STAR TREK: CITY ON THE EDGE OF FOREVER

PrintE-mail Written by Ed Fortune

COMIC BOOK REVIEW: STAR TREK: CITY ON THE EDGE OF FOREVER / AUTHOR: HARLAN ELLISON, SCOTT TIPTON, DAVID TIPTON / ARTIST: J.K. WOODWARD / PUBLISHER: IDW / RELEASE DATE: FEBRUARY 3RD

The City on the Edge of Forever is a highly-regarded and award-winning episode of the original Star Trek series. Harlan Ellison’s script went through multiple drafts before making it to production, and the actual episode is much smaller and less involved than Ellison’s vision. Thankfully, due to the wonders of comic books, we can see what the more involved version of the story would look like.

The original plot is a bit different from the episode you may be familiar with. Ellison’s script introduced the character of Beckwith, a no-good criminal and drug dealer who has somehow managed to become Starfleet crew. His mercenary and dark behaviour results in him getting chased by the authorities and he escapes to the surface of the planet the Enterprise currently orbits. This world is host to the City on the Edge of Forever of the story’s title, and a nexus of all time and space. Kirk and company arrive in hot pursuit and find themselves travelling to the 1930s in order prevent catastrophic disruption of the timeline caused by Beckwith’s actions.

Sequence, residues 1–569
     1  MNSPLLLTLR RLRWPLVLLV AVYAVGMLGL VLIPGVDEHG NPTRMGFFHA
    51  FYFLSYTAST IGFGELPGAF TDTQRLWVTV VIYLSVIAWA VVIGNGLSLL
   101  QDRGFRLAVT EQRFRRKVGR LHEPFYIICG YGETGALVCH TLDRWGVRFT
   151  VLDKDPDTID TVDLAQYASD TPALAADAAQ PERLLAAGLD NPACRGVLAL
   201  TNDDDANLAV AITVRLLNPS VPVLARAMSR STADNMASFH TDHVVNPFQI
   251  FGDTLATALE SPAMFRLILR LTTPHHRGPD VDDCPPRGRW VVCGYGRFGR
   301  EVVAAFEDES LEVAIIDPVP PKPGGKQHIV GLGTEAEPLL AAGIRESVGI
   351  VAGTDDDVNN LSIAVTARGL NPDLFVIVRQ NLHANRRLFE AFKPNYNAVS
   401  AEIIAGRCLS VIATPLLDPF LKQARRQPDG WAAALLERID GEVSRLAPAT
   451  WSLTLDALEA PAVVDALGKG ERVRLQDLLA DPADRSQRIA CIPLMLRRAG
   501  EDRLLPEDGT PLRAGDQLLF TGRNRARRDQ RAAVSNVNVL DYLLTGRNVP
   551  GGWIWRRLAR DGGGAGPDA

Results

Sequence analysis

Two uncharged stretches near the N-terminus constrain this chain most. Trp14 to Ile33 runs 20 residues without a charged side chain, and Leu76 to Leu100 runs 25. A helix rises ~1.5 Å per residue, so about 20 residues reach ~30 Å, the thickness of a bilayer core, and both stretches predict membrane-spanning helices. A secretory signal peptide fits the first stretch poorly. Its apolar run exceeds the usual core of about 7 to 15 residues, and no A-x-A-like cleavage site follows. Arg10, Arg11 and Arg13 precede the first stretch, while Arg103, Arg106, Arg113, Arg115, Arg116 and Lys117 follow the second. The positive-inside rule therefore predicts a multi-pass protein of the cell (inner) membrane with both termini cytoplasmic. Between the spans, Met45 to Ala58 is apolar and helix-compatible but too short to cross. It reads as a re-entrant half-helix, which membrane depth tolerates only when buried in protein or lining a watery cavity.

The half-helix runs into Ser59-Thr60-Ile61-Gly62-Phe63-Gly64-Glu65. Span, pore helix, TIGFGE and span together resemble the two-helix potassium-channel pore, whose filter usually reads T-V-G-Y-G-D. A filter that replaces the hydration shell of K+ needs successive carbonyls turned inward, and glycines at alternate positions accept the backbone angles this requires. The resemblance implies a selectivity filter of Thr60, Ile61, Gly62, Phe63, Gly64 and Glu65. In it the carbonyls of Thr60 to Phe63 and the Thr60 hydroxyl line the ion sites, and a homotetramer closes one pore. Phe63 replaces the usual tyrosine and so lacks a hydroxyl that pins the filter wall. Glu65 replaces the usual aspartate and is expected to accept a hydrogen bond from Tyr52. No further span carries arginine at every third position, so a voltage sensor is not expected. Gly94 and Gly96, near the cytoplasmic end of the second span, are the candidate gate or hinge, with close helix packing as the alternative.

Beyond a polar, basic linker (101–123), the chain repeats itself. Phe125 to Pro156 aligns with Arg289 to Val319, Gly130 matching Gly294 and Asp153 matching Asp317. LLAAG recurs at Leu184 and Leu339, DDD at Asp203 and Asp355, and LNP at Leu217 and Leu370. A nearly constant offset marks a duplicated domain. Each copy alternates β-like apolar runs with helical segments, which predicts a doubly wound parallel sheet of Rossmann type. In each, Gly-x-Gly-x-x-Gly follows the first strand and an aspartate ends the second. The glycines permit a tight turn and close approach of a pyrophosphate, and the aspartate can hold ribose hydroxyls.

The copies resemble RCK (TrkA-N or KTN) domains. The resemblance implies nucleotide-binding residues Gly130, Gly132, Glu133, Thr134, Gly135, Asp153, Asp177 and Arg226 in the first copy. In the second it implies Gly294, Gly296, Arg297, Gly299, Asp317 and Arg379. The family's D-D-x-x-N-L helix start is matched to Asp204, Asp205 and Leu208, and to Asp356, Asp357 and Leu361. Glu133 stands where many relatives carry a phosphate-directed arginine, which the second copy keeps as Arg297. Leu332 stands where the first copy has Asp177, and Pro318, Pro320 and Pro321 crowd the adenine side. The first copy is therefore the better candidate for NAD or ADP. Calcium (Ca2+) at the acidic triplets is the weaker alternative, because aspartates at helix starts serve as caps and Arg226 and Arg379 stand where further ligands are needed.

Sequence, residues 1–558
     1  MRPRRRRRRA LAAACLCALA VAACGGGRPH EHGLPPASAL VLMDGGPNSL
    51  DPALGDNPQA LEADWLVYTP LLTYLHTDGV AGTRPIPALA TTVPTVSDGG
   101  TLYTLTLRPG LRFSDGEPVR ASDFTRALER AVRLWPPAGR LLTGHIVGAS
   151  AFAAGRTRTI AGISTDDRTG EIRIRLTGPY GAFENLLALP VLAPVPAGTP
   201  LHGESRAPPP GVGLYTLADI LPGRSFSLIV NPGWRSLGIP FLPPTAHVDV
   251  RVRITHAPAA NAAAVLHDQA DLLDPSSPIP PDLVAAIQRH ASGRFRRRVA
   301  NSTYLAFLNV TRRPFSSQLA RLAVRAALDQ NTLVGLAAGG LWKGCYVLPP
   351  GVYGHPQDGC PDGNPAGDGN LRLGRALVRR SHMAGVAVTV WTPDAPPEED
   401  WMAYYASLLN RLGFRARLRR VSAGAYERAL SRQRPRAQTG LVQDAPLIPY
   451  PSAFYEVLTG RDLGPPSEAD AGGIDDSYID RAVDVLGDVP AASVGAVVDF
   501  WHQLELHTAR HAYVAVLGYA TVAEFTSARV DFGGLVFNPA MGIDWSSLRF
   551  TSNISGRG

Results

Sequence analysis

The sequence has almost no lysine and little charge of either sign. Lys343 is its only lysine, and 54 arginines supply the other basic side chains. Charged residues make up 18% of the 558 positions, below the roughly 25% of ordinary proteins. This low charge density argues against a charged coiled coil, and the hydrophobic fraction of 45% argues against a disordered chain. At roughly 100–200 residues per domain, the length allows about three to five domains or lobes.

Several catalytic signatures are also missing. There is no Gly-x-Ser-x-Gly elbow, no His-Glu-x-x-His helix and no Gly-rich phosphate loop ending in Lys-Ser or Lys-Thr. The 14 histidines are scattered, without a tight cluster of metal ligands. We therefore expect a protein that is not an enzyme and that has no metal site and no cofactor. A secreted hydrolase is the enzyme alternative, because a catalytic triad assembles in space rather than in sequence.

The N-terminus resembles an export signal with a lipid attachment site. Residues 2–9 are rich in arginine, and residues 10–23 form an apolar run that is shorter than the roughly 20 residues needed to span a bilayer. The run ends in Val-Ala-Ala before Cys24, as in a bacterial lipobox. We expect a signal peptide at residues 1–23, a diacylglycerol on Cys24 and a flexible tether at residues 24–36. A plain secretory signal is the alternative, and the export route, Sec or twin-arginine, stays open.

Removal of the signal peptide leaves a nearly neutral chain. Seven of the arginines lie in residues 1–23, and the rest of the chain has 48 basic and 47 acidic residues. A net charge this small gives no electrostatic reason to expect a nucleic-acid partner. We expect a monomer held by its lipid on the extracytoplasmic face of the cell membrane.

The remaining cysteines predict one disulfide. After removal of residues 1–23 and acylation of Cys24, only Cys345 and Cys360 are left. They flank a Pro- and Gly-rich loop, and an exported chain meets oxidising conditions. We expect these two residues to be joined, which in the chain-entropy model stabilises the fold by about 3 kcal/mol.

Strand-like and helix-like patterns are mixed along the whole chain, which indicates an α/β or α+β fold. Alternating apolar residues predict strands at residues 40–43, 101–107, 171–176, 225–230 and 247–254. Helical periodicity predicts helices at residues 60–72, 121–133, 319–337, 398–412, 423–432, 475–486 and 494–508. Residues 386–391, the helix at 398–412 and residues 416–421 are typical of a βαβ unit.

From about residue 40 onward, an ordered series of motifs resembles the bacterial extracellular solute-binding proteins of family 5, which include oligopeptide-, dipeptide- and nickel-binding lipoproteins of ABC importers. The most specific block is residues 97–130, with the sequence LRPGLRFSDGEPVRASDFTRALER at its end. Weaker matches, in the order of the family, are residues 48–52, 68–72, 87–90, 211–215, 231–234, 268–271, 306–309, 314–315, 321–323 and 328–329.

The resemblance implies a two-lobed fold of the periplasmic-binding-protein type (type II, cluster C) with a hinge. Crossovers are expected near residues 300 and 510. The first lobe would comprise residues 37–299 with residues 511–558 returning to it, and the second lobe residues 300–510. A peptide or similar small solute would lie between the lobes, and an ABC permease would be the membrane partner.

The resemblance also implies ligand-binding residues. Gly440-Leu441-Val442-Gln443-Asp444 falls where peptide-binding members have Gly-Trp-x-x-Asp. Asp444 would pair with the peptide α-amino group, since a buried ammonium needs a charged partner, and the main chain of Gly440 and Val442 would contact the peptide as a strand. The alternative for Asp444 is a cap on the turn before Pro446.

This story isn’t that different from the tale that ended up on screen, though this variant does seem to suit the sequential art format a bit better. After all, comic books aren’t hampered by budgets or the limited acting talents of the cast. There are also elements that don’t quite feel like Star Trek, mostly related to Spock one way or the other, and you can see why they never made the final cut.

J.K. Woodward’s art is, for the most part, beautiful. Every page feels painted and lovingly detailed. It isn’t smooth all the way through; clearly photo references from the TV series have been used to create each panel and sometimes the faces look a bit off.  This is more obvious when it comes to renditions of the character of Keeler (played by Joan Collins in the original teleplay), and despite being such a recognisable actress, Woodward has managed to make her look like she’s trodden on something unpleasant. Overall though, the art is very nice indeed, if a bit static.

Hardcore Trek fans probably know the backstory to The City on the Edge of Forever inside and out by now, and this is a novel and enjoyable take on it all.

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0 #1 Frances Yozawitz 2015-05-08 21:18
I Love City on edger of forever.
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